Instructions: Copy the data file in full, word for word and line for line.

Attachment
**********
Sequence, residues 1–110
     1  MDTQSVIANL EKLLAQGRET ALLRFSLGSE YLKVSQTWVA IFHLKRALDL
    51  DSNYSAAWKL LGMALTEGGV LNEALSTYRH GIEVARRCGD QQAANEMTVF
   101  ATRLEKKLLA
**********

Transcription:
Sequence, residues 1–110
     1  MDTQSVIANL EKLLAQGRET ALLRFSLGSE YLKVSQTWVA IFHLKRALDL
    51  DSNYSAAWKL LGMALTEGGV LNEALSTYRH GIEVARRCGD QQAANEMTVF
   101  ATRLEKKLLA